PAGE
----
“Out the Gate”
After several events in Jamaica, Everton (E-Dee) decides that the time has come to leave the island and go to America to try his luck at making it big in the music industry. He soon learns that he Hollywood that he sees in not the Hollywood of his dreams. He does, however, manage to find some success but it is threatened by Don (Paul Campbell) who wants him to pay is dues. To get to Hollywood was a job in itself. He has led a rough life growing up in rural Jamaica where violence seems to be everywhere and he has seen too much tragedy. His Uncle Willy (Oliver Samuels) offers him a one-way ticket to the United States so that he can get his career in music started and off the goes. When he arrives in Los Angeles, he becomes friends with Father Times (Dwight Benjamin) who is a dancehall artist; exactly the profession that Everton is looking to have.
Things did not work out as planned and Everton becomes homeless. He supports himself by selling CDs and DVDs from Jamaica and then he finally gets the break, as does Father Times that he has been waiting for. He finds a producer that wants to work with him and Father Times finds a sponsor named Badz (Paul Campbell) who invests in him. Everton’s career is soon doing very well and he even falls in love. Little does he know that Badz has threatened to destroy him, his relationship with his girlfriend and Father Times just because things have not worked out.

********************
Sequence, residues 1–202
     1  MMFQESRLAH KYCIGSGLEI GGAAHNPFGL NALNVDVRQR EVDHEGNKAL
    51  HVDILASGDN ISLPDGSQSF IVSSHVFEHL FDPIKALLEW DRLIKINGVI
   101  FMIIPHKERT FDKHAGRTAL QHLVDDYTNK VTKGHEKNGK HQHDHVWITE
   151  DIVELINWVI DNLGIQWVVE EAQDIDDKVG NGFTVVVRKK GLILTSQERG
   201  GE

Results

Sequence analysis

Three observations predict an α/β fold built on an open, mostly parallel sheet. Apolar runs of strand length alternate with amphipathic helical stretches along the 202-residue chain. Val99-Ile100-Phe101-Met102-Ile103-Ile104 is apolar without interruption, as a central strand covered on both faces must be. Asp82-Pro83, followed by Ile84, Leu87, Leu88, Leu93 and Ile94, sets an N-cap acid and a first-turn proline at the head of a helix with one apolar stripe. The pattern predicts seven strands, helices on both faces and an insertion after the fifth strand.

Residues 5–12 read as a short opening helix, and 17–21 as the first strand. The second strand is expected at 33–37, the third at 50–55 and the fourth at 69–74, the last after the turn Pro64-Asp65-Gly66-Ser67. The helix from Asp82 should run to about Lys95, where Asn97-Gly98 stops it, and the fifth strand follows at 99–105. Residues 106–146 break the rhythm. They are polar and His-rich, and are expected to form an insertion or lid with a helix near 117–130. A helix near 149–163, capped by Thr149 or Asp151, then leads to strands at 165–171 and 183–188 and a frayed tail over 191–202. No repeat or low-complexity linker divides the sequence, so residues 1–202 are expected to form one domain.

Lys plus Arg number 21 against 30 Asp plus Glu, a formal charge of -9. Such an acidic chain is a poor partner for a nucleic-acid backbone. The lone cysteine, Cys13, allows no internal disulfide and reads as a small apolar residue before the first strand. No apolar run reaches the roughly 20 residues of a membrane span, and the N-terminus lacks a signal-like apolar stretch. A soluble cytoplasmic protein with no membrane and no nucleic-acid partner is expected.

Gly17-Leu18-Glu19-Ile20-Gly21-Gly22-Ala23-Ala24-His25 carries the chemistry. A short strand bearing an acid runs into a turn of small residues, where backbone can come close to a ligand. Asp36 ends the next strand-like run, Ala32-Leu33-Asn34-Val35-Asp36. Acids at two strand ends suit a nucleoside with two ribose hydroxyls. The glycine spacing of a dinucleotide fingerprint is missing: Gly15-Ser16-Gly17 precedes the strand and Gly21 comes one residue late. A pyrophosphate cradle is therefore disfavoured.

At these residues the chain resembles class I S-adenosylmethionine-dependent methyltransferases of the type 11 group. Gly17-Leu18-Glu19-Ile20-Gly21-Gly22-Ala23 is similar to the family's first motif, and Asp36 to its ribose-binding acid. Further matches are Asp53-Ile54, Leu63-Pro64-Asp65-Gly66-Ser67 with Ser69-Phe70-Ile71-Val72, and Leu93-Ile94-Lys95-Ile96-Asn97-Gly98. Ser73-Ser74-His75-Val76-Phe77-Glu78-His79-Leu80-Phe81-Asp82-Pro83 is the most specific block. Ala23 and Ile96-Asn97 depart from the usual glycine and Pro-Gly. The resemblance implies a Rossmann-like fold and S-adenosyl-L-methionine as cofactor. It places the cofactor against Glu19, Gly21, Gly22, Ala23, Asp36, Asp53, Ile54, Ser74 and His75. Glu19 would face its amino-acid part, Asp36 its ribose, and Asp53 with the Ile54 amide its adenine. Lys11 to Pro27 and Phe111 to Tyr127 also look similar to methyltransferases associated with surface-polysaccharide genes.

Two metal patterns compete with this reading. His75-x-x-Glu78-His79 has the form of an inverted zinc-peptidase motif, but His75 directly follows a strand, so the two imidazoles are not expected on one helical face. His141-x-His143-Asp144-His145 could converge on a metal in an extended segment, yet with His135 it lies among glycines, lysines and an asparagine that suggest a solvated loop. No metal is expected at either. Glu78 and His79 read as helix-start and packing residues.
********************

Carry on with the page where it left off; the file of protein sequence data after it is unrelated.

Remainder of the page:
The film is based upon the life of Jamaican singer E-Dee and includes some wonderful photography of the Caribbean community in Los Angeles and of Jamaica. While this is not really my kind of movie, I must say that the acting is quite good. The script, however, is weak. It does not concentrate as much on the lead character and seems to want to boost the supporting players. What goes on in E-Dee’s life falls to the sidelines or is simply glossed over. I was not familiar with the term “dancehall music” before watching this and did find that aspect interesting. I suppose that aficionados of it will totally enjoy what they see here but I think I missed the point.